Monthly Archives: April 2011

Trade policies reviewed by WTO

The WTO report on Australia’s trade poli­cies, issued ear­lier this month, urges action to secure the gains from the min­er­als boom “A major eco­nomic chal­lenge con­fronting Aus­tralia, with poten­tial trade pol­icy impli­ca­tions, is to for­mu­late appro­pri­ate macro­eco­nomic and struc­tural poli­cies to facil­i­tate rather than impede adjust­ment to the effects of its greatly improved terms of trade […]

Let it go, Pascal

This week, in Geneva “[WTO Director-General Pas­cal] Lamy recently out­lined the next steps in the process, spec­i­fy­ing that the chairs of the var­i­ous nego­ti­at­ing groups would table doc­u­ments — which sources indi­cate could be in the form of reports or new text, depend­ing on the topic — on 21 April for mem­bers to reflect on […]

A small ado

< p> Pre­dictably, some trades union lead­ers are trum­pet­ing oppo­si­tion to the Gillard-Emmerson trade pol­icy state­ment: Trad­ing our way to more jobs and pros­per­ity.But their blus­ter is unde­served. The state­ment makes no con­crete pro­pos­als for new (or even fewer) trade nego­ti­a­tions and iden­ti­fies no spe­cific eco­nomic reforms such as cut­ting Australia’s mar­ket access bar­ri­ers for […]

Sounds good, but…

The cur­rent Labor gov­ern­ment, unlike the Hawke gov­ern­ments, seems bent on announc­ing major pub­lic poli­cies as faits accom­plis and con­sult­ing on the ratio­nale and imple­men­ta­tion only afterwards…if at all. “Trade Min­is­ter Craig Emer­son, who was Bob Hawke’s eco­nomic adviser, will announce the new [trade] pol­icy today. It fol­lows debate within Labor about how to tackle productivity […]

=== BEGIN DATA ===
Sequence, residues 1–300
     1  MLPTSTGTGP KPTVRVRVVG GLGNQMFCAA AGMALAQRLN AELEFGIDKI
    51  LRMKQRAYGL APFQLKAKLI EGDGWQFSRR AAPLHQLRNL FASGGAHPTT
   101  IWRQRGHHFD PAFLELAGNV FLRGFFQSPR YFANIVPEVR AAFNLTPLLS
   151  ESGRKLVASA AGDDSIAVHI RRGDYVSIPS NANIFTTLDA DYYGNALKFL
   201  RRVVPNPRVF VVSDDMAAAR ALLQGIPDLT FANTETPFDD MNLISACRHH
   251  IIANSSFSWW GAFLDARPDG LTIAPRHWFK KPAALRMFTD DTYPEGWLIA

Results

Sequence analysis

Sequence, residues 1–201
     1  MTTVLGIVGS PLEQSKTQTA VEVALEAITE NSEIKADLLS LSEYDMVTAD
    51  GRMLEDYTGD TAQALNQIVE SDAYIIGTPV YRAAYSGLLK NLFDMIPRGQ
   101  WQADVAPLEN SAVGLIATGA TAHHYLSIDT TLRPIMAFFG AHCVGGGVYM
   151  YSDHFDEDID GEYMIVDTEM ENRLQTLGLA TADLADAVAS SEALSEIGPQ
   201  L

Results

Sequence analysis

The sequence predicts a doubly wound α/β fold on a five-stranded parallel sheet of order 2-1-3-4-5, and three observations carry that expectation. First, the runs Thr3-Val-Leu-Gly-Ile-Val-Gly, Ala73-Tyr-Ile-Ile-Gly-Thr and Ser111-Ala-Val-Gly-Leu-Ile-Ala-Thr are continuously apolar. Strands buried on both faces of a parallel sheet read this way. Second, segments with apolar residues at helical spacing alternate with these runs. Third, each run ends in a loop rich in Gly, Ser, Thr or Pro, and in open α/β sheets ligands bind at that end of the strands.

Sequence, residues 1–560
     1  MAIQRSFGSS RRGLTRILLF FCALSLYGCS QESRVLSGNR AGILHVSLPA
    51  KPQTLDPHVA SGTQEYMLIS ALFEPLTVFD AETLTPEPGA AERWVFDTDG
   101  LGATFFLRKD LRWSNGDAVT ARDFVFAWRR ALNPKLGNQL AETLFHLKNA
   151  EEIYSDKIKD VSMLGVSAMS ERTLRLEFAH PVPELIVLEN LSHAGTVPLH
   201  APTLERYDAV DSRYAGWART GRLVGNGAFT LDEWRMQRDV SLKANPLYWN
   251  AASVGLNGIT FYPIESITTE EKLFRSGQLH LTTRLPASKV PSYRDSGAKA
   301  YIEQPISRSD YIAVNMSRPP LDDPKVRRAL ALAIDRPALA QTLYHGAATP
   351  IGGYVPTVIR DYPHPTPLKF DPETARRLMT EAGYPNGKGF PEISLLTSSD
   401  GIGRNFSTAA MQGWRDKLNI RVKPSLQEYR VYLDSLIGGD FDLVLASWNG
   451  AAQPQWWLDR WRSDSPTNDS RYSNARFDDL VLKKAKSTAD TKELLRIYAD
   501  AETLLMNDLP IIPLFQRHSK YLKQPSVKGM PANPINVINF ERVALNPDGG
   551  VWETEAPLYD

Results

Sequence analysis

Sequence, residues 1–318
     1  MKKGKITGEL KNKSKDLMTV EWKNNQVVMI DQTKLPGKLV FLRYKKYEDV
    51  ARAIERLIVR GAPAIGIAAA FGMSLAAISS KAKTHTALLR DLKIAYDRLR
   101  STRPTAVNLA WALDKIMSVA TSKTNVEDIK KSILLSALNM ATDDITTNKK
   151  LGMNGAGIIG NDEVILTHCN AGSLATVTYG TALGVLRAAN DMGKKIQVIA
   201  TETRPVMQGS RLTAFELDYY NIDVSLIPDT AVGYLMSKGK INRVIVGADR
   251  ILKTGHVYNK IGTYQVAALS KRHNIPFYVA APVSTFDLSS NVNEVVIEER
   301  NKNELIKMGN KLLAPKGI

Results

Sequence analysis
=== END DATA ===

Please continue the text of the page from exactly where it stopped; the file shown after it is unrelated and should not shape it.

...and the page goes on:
The falling value of tariff bindings

The strongest argu­ment for com­plet­ing the WTO’s barely endur­ing Doha round of trade nego­ti­a­tions is that it will fur­ther nar­row the legal right of WTO mem­bers to adopt higher pro­tec­tive trade bar­ri­ers in the future. But that argu­ment doesn’t seem to sway any­one much: cer­tainly not busi­nesses who have largely lost inter­est in the WTO’s […]


From Terry Pratchett’s Richard Dim­bleby (BBC) lec­ture on the expe­ri­ence of pro­gres­sive demen­tia. “You see, the dis­ease moves slowly, but you know it’s there. Imag­ine that you’re in a very, very slow motion car crash. Noth­ing much seems to be hap­pen­ing. There’s an occa­sional lit­tle bang, a crunch, a screw pops out and spins across […]

The blind bouncer: arrogant and costly

The Trea­surer has appar­ently told the media that the For­eign Invest­ment Review Board “unan­i­mously” rec­om­mended the pro­hi­bi­tion of the Sin­ga­pore Stock Exchange’s bid to merge with (or take over) the Aus­tralian Secu­ri­ties Exchange. What does “una­nim­ity” mean or mat­ter in secret tri­bunal? Noth­ing what­ever. Swan should draw no com­fort from that. But by far the worst […]